FOR the second time in as many months, Iran’s “dollar patrol” is on the streets. The country’s currency, the rial, has lost a third of its value on the black market since September. On April 9th it sank to a record low of 61,000 to the dollar (when the official rate was 37,850). The next day the government imposed a rate of 42,000 and vowed to arrest anyone who bought or sold rials for what they are actually worth—as it did during the previous currency crisis, which was only in February.

Some are nonetheless flouting the rules, demanding 56,000 rials or so for a dollar. There were long lines and, surprise, surprise, dollar shortages at the handful of exchanges using the official rate. A lack of confidence in the rial reflects a lack of confidence in the economy. The housing market is stagnant and the banking sector is shaky. Iranians are snapping up foreign currency because it is one of the few sound investments available.

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Something similar happened in 2012. Back then Iran was under crippling sanctions and suffered from an annual inflation rate of around 25%. Many Iranians thought those days were over when, in 2015, Iran signed a deal with world powers that imposed restrictions on its nuclear programme in exchange for sanctions relief. President Hassan Rouhani expected to attract large amounts of foreign investment and recoup $50bn in frozen assets, equivalent to 12% of GDP.

Those benefits have not all materialised. The government is quick to blame Donald Trump, the American president, who is threatening to withdraw from the agreement (and may do so next month). The fear of fresh sanctions no doubt dampens investment. So do American sanctions (related to other aspects of Iran’s behaviour) that remain in place and discourage big banks from handling Iranian transactions. In 2016 Iran recorded just $3.3bn in foreign inflows. Israel, with a similar GDP and one-tenth the population, drew $12.3bn.

But Iran’s corrupt, opaque economy would probably be struggling even without Mr Trump. Companies linked to the Revolutionary Guards have revenues equivalent to a large share of GDP. Their empire spans construction, mining and telecommunications. A foundation linked to the supreme leader holds $95bn in assets, according to an investigation by Reuters in 2013. Many banks are on the brink of insolvency, in part because of pyramid schemes that swindled millions of poor Iranians. The head of parliament’s economic committee said in April that some $30bn in capital fled the country at the end of last year.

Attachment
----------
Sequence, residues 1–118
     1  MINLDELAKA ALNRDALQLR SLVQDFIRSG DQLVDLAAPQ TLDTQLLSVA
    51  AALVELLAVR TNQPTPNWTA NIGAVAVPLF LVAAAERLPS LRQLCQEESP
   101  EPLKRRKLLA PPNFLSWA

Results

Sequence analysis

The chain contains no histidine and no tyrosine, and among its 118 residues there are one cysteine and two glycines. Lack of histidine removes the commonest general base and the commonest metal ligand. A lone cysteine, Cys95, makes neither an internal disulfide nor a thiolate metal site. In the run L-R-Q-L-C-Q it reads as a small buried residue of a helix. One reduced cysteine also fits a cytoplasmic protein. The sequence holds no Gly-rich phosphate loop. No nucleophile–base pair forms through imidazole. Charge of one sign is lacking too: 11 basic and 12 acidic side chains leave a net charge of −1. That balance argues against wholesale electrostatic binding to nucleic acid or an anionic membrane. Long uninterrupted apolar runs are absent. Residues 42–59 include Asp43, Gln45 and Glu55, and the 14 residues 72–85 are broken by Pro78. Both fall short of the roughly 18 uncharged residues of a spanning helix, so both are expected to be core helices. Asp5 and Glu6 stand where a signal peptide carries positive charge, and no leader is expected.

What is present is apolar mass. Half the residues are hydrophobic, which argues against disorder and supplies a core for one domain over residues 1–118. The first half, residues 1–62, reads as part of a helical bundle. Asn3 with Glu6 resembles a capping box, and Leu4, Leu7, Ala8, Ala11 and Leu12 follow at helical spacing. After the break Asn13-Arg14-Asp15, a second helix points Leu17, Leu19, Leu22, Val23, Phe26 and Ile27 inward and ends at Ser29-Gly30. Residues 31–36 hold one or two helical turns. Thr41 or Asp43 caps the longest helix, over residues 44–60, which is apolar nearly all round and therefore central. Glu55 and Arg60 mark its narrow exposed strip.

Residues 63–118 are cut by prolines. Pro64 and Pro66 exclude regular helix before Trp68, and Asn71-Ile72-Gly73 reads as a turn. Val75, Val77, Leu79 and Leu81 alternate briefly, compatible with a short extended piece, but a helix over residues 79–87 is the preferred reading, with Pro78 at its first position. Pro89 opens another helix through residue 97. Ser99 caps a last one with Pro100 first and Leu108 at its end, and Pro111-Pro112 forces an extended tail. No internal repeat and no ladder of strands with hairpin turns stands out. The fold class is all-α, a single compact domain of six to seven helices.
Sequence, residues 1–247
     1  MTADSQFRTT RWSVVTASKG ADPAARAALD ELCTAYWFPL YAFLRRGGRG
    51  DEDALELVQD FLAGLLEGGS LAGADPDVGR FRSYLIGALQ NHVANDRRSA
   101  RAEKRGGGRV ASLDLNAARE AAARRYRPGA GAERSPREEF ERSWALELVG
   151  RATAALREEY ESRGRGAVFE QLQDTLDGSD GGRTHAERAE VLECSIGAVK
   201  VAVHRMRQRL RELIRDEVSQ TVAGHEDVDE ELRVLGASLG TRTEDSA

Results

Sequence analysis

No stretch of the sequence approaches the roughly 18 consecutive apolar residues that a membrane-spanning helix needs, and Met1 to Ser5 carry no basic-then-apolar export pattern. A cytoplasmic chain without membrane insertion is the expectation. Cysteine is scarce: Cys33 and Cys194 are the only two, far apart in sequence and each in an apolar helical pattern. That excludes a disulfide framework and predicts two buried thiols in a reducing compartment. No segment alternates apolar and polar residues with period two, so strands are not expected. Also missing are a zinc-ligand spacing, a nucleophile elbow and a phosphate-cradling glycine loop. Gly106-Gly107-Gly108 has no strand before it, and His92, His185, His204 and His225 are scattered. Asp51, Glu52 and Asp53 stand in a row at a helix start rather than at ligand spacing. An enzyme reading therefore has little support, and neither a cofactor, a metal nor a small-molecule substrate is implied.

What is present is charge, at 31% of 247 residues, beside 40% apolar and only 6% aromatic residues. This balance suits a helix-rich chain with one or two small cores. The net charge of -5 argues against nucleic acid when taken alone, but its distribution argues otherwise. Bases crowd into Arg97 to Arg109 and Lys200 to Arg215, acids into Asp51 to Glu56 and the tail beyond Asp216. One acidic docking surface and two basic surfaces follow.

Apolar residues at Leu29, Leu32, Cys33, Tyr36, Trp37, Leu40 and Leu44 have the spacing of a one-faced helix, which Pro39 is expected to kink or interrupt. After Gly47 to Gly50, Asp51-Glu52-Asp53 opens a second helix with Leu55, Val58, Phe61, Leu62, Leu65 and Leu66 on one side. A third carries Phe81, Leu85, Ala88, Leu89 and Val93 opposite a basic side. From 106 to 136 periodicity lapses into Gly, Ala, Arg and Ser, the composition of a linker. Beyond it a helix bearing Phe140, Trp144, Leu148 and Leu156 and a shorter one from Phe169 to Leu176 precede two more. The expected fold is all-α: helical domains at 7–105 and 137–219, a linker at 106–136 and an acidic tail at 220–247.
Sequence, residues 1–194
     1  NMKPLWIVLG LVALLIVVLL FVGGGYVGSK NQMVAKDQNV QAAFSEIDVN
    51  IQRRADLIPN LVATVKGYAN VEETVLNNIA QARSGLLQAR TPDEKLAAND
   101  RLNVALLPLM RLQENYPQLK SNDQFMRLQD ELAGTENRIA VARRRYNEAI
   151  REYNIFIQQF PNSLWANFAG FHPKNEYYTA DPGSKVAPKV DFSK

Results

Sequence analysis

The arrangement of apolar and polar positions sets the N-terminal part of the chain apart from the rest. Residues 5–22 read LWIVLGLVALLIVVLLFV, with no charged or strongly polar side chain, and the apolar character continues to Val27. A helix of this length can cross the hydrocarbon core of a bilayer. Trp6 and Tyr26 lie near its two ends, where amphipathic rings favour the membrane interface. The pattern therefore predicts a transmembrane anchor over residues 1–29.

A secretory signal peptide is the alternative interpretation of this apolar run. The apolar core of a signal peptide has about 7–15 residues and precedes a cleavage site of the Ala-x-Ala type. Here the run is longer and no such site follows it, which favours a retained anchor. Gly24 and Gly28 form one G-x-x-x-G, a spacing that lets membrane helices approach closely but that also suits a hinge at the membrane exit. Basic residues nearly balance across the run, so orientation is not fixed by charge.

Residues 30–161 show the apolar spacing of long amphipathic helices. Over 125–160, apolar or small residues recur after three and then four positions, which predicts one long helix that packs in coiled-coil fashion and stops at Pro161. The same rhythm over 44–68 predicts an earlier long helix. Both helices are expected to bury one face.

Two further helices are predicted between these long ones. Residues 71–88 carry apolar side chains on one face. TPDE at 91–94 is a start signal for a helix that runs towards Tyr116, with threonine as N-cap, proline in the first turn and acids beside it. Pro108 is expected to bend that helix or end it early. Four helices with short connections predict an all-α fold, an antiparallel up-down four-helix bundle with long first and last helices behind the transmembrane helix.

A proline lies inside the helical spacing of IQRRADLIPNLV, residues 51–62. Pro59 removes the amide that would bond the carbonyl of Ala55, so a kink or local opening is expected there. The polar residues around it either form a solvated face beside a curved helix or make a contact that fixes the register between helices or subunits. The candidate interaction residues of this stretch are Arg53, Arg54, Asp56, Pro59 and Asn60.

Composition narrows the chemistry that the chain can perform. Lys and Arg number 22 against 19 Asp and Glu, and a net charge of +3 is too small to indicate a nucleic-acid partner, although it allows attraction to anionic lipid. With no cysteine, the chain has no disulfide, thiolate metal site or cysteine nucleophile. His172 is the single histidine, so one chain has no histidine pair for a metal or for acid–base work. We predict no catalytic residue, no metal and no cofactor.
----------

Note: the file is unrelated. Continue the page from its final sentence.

From the outside Iran looks ascendant, using proxies to expand its reach across the Middle East. In Syria it is establishing a permanent military presence. In Yemen it dragged arch-rival Saudi Arabia into a ruinous war at little cost to itself. At home, however, the regime looks increasingly brittle. In late December thousands of Iranians unexpectedly took to the streets to vent their frustrations. A subsequent poll by the University of Maryland found that 69% of Iranians think the economy is in bad shape, up from 49% two years earlier. Two-thirds of them blame mismanagement and corruption, rather than sanctions. Nearly half think Iran spends too much money on foreign adventures.

The protests stopped after the regime killed or locked up lots of protesters, but it is now battling discontent on other fronts. Dozens of young women have been arrested for doffing their headscarves in public to protest the official dress code. In February there were deadly clashes between the police and Sufis, who have long been harassed by the authorities. After a rare uproar in parliament this winter, Mr Rouhani backtracked on plans to cut subsidies.

Looming over all this is the question of who will succeed Ali Khamenei, the 78-year-old supreme leader who is rumoured to have suffered from prostate cancer. The presumed front-runner, Ebrahim Raisi, embarrassed himself last year when he ran for the presidency—and lost by 19 points. Whoever takes charge will inherit a restive, youthful country that has been mismanaged for decades. The nuclear pact created hopes for change. Unmet expectations may pose a bigger threat to the regime than sanctions ever did.